Women had narrowly defined roles in the 19th century with few employment options. Custom dressmaking was one occupation that provided an opportunity for acceptable employment for immigrant women, young farm girls, married women or widows. This work had possibilities for advancement, creative labor, and provided a livable wage for skilled work. Dressmakers and their businesses run and staffed primarily by women, provided employment for an expanding immigrant population, opportunities for advancement for the business owners and their skilled workers, and a secured social status through fashionable garments for their clientele who desired to be as stylish and up-to-the-minute as their eastern counterparts.
The growth of Minnesota's dressmaking industry corresponded with the growth in population and industry as Minnesota grew from a sparsely populated territory to a booming economy. Minnesota experienced rapid growth as soon as the territory opened for settlement in 1849, and they were eager for fashion. As noted by Godeys, four subscribers from this rather remote settlement sought the latest fashion information. The population of the state increased 78% between 1870 and 1880 and 67% between 1880-1890. The new inhabitants chose to create a cultural environment equal to that of the cities they left behind. Their wealth, leisure and desire for culture eventually created the museums, parkways, orchestras and opera houses that fashionable wealth demanded.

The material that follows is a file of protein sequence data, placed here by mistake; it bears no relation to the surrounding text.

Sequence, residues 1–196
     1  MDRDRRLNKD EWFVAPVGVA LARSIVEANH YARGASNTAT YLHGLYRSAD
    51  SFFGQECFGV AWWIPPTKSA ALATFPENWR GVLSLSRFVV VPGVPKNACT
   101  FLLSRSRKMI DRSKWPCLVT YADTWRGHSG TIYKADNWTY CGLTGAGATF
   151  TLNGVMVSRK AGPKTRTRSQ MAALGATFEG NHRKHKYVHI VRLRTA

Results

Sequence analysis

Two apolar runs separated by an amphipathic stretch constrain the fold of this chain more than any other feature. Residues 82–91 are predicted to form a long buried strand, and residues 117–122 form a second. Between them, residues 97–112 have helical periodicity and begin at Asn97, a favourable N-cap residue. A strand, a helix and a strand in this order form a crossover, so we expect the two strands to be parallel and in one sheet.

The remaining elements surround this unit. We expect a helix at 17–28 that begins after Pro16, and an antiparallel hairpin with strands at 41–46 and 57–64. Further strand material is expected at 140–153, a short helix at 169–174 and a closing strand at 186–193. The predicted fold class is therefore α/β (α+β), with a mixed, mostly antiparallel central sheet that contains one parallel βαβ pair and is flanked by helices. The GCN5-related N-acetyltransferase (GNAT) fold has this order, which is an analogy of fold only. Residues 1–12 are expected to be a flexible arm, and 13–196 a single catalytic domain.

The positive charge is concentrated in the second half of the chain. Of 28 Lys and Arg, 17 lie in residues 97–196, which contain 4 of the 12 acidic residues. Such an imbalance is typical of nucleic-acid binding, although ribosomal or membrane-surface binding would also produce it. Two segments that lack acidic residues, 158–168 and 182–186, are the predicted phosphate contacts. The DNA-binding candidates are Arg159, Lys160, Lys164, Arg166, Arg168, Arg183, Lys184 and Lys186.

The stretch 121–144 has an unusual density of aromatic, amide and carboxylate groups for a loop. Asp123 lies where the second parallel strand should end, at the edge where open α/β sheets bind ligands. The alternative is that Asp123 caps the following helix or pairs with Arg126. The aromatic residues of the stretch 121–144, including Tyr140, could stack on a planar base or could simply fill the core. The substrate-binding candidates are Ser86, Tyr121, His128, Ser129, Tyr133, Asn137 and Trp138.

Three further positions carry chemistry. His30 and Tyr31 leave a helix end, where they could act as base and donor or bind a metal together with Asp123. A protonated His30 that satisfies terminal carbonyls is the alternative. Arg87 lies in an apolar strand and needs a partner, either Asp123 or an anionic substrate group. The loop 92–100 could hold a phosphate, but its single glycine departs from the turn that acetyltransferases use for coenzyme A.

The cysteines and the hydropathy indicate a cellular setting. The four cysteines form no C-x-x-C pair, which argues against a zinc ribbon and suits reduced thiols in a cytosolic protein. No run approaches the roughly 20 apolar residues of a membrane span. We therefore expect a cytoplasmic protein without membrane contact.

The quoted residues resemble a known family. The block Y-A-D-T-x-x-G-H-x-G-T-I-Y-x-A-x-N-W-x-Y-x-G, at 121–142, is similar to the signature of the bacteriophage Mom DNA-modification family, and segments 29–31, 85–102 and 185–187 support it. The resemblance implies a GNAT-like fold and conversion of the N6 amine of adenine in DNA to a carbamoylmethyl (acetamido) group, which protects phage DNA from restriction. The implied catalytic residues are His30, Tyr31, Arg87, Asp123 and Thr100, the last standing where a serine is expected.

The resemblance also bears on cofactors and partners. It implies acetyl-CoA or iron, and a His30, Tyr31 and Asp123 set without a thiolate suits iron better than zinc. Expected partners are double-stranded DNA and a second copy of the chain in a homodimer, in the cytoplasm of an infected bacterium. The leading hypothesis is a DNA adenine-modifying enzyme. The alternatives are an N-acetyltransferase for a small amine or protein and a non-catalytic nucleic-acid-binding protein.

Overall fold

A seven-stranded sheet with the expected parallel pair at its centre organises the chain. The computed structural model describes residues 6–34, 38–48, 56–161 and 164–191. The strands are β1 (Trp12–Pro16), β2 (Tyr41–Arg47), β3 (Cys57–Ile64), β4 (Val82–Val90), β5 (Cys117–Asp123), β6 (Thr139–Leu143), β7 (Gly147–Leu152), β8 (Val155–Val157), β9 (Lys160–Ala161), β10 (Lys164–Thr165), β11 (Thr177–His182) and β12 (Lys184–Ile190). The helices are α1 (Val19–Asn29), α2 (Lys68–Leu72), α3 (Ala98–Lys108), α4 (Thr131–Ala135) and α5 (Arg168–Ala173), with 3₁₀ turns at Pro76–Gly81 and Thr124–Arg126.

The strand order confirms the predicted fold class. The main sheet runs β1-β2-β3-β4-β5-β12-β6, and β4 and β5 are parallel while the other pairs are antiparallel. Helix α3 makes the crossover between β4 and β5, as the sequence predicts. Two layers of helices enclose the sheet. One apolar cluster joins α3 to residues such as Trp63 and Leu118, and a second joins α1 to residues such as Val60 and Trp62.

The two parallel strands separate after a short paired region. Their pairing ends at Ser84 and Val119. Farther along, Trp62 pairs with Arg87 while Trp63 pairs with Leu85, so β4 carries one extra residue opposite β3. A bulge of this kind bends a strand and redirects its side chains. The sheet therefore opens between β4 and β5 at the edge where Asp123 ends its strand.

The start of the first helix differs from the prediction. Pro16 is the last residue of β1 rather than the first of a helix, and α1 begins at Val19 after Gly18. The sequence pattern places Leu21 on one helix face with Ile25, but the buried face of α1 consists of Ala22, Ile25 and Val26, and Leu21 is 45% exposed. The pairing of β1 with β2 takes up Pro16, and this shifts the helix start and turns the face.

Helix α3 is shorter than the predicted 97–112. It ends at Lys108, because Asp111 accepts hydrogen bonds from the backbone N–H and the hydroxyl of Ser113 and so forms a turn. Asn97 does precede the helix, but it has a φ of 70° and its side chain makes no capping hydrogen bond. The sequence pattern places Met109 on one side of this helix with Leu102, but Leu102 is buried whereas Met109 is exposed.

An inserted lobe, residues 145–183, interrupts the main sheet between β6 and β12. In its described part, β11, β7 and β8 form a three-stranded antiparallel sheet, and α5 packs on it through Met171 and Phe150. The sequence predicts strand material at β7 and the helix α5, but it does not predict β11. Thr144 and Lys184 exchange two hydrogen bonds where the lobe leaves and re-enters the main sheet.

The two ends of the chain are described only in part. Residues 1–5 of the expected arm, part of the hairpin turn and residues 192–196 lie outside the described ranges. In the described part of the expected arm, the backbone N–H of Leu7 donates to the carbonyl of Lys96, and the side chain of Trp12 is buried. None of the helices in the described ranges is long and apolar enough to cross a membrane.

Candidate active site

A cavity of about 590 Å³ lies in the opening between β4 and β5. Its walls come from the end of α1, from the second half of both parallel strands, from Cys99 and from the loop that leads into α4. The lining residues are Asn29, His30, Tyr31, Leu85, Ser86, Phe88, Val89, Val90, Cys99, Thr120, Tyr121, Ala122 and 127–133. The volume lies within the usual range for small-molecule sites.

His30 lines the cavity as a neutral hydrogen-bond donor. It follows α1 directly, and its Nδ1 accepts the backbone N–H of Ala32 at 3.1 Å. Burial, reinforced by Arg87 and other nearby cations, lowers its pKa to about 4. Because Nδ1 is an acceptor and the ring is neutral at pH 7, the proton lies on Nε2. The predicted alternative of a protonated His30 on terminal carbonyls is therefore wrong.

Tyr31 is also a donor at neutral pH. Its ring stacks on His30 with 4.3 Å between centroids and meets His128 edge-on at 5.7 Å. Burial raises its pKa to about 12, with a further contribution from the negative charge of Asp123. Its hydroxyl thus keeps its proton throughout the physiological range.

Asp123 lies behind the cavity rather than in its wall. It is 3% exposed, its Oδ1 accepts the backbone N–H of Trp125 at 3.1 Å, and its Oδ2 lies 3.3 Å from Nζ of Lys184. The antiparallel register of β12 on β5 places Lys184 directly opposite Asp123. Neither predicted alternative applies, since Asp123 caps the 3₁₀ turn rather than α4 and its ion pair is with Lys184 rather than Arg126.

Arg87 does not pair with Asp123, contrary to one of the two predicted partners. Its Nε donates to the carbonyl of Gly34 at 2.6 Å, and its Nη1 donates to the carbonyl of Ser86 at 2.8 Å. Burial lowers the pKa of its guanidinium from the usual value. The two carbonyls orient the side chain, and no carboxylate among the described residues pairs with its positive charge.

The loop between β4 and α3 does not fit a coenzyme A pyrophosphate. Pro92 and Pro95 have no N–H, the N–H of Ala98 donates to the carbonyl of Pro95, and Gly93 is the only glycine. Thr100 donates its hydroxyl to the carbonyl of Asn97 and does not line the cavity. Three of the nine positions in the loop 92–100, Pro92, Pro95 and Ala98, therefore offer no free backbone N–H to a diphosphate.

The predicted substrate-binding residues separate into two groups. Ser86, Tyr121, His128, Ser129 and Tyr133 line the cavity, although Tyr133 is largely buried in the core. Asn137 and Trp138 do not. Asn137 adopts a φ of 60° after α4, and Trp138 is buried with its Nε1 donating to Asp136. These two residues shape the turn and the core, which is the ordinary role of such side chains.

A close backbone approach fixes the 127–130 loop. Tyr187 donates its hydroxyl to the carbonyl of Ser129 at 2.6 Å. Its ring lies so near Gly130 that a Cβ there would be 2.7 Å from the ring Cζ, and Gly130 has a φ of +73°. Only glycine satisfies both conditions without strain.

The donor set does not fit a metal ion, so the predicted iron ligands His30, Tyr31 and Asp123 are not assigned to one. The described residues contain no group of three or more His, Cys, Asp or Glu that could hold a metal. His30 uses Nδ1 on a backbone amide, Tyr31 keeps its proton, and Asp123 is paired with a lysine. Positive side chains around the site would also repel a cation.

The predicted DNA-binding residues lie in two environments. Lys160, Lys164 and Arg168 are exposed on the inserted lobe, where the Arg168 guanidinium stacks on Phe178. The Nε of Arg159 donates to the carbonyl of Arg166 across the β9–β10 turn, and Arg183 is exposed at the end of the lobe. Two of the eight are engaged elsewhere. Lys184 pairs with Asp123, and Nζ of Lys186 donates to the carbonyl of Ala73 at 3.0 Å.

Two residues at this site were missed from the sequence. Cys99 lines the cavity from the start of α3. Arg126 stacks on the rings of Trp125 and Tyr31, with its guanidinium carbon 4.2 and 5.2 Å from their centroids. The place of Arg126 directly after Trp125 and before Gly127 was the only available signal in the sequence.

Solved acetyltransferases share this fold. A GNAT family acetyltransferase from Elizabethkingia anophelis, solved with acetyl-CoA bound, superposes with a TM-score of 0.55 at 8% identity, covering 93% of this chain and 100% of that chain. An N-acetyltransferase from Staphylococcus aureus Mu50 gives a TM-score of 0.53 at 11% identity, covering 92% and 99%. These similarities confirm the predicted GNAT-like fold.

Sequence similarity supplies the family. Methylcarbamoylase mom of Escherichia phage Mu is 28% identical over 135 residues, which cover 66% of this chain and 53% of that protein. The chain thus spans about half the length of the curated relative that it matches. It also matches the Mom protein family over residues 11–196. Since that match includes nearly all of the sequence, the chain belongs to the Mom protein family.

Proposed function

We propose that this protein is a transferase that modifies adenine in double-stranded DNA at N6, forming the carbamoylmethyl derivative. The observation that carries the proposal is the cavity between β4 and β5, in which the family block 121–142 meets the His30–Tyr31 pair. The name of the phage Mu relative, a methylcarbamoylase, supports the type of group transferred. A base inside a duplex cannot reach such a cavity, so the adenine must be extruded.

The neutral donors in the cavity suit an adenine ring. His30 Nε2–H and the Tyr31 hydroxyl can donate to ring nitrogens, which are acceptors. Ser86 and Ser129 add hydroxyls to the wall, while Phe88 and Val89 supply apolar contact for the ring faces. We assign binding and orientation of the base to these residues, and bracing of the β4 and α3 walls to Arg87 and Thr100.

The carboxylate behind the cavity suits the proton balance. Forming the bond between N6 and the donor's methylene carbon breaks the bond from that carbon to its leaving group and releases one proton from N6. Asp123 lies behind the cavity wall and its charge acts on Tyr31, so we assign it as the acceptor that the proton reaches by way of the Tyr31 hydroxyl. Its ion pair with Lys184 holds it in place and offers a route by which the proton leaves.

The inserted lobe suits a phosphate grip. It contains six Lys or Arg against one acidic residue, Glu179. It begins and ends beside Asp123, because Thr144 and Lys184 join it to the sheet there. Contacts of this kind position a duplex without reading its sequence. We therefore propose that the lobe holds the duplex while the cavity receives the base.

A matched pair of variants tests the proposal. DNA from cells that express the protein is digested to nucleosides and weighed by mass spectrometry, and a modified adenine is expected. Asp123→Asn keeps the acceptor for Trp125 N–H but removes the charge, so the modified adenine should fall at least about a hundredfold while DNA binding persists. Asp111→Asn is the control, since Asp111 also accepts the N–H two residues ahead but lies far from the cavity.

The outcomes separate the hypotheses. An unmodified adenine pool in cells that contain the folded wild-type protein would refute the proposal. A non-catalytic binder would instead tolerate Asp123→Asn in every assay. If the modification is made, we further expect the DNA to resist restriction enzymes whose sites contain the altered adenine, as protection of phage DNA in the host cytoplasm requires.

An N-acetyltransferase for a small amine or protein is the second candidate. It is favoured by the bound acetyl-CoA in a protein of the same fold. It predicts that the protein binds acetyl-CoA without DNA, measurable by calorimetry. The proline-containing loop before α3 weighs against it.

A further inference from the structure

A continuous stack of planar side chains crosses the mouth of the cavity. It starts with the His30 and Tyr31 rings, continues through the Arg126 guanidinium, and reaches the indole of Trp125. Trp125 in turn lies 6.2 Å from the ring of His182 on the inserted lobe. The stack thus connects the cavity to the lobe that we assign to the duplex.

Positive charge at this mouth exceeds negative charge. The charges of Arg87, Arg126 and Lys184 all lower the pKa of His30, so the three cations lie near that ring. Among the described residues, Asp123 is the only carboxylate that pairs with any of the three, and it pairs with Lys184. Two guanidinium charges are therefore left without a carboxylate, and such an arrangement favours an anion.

By the early twentieth century, the rise of department stores and the marketing of fashionable ready-made clothing reduced the number of clients, cutting into the dressmaker's business. Mary Brooks Picken, an educator who wrote curriculum to train sewers, observed that the ready-made industry was not an influence in American fashion until 1890, but its growth was rapid. By 1911, it superseded in every way the custom dressmaking and tailoring industries. Increased opportunities for working women reduced the available workforce of seamstresses. Factory and department store jobs offered women more appealing opportunities, better wages and regular hours. As the available workforce diminished, dressmaking as an industry declined.
The work of twenty-nine dressmakers survives in the Minnesota Historical Society's collection and represents the more prominent dressmakers in Minnesota between 1880-1920. These garments provide the evidence needed to follow the thread between the clients who purchased and wore the dresses, the dressmakers who ran the businesses and the seamstresses whose skilled hands sewed the seams and embellishments.
For excerpts regarding Sabra Long, a Minneapolis dressmaker in the early 1880s. High Time to Tell It, Mary Alves Long, Duke University Press.
For more about Minnesota dressmakers:
A Study of Minneapolis dressmakers at the turn of the century, Jane Tracy, 1980The Business of Dressmaking: Custom Clothing at the Turn of the Century, Linda McShannock. In Minnesota Creates: Fashion For A Century, by ed. Marilyn Revell DeLong, 67-71. Minneapolis: University of Minnesota, 2000.